People for the Ethical Treatment of animals, (PETA), brought attention to their organization recently when an attorney representing the group said they’re filing suit against SeaWorld parks on behalf of five orca whales who are being held in insufferable bondage. Citing the 13th amendment to the US Constitution, defense & general counsel Jeff Kerr represents PETA in a lawsuit that for first time tries to extend Thirteenth Amendment protections to “nonhuman animals.”
The five whales have been named plaintiffs in the case that states SeaWorld San Diego’s orcas were violently seized from the ocean and taken from their families as babies. A PETA rep said that they are kept in concrete tanks to performing stupid tricks as slaves.
Tilikum, one of the orcas returned to the SeaWorld arena for public performances earlier this year, has been linked to three deaths already, and opponents say that in view of PETA’s legal argument, that qualifies him as a serial killer under the eyes of the law. Can Tilikum thus be held accountable for the wrongful deaths with which he has been connected? PETA has shrugged off this argument and says they are only asking the court to order the orcas released to the custody of a legal guardian who would find a “suitable habitat”.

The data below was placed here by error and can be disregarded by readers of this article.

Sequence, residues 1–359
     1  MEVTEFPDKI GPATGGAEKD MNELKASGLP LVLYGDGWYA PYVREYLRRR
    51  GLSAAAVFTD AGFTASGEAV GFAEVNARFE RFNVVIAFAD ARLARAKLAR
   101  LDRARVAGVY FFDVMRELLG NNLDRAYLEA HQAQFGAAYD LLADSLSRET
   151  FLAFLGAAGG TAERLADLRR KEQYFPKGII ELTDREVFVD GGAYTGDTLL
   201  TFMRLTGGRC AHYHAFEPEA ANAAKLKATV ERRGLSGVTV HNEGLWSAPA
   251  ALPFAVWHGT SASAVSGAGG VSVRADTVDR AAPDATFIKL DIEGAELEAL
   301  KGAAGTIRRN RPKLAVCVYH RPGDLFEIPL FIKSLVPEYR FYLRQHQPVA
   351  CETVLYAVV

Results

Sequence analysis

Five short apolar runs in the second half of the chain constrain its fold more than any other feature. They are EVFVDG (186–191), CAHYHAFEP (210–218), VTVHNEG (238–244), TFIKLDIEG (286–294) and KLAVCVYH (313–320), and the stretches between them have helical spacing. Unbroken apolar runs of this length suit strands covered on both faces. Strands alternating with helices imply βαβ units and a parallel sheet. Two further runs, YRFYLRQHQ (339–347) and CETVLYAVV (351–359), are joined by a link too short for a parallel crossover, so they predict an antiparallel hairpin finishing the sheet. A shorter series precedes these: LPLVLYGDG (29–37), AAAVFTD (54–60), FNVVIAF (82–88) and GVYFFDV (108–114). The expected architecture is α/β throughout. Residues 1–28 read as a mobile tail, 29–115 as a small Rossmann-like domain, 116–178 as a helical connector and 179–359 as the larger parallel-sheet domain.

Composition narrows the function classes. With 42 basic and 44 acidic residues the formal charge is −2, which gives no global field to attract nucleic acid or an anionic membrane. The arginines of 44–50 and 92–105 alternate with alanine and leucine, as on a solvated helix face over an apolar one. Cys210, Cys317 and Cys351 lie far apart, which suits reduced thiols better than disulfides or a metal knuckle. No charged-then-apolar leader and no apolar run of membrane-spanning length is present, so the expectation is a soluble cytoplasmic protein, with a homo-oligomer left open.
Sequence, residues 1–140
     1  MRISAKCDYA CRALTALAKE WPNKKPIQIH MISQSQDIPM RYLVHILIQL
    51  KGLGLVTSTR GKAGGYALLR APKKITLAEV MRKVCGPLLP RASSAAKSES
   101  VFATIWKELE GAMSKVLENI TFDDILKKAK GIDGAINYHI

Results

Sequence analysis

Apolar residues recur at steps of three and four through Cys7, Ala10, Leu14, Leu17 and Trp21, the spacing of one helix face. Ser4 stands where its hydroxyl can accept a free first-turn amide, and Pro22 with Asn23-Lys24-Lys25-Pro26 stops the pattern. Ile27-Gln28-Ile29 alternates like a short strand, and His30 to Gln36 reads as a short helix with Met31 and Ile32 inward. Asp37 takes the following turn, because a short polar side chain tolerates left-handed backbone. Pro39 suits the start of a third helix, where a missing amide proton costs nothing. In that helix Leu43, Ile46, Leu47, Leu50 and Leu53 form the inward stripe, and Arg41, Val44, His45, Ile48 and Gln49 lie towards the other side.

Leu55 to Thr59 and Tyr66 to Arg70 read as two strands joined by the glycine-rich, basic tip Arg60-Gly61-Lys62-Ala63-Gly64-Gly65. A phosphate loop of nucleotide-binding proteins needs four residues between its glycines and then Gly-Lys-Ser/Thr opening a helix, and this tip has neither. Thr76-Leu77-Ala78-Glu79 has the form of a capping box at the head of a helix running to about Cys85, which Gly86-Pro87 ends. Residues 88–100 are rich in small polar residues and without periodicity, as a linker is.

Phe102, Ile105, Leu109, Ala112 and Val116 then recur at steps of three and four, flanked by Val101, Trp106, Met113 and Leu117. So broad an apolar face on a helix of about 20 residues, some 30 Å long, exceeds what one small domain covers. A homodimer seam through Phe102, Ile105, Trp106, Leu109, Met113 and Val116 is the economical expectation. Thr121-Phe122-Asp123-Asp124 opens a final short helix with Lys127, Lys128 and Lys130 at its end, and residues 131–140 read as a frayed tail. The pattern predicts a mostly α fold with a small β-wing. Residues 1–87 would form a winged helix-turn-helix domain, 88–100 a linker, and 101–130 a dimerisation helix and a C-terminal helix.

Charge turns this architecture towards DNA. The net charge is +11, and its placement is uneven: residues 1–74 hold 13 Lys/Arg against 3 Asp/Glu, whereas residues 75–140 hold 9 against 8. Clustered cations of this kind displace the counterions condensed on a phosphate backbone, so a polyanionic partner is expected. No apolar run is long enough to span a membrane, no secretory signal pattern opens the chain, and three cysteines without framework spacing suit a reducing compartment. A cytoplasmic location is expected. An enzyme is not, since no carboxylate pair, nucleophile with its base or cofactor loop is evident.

U.S. statutes specify animals under human control as property with protections through state and local animal-cruelty laws, endangered-species regulations and the federal Animal Welfare Act. Some are laughing off what they consider a stunt and frivolous lawsuit, while at least one scholar calls PETA’s tactics outrageous and demeaning to the integrity and humanity of people who were owned as slaves.
Perhaps this sets the stage for the devilish experiments happening in labs with gene splicing of a variety of animals and possibly even humans. Creatures and bio-material that may partially contain human genes, and humans injected with computer chips & parts may find themselves in a new category of being not protected under the 13th Amendment. On the face of it the suit appears to be a publicity stunt, but there also may be valid concerns as to what a sentient being is and how one should be treated as we steer toward a path where man melds with machines and other animals.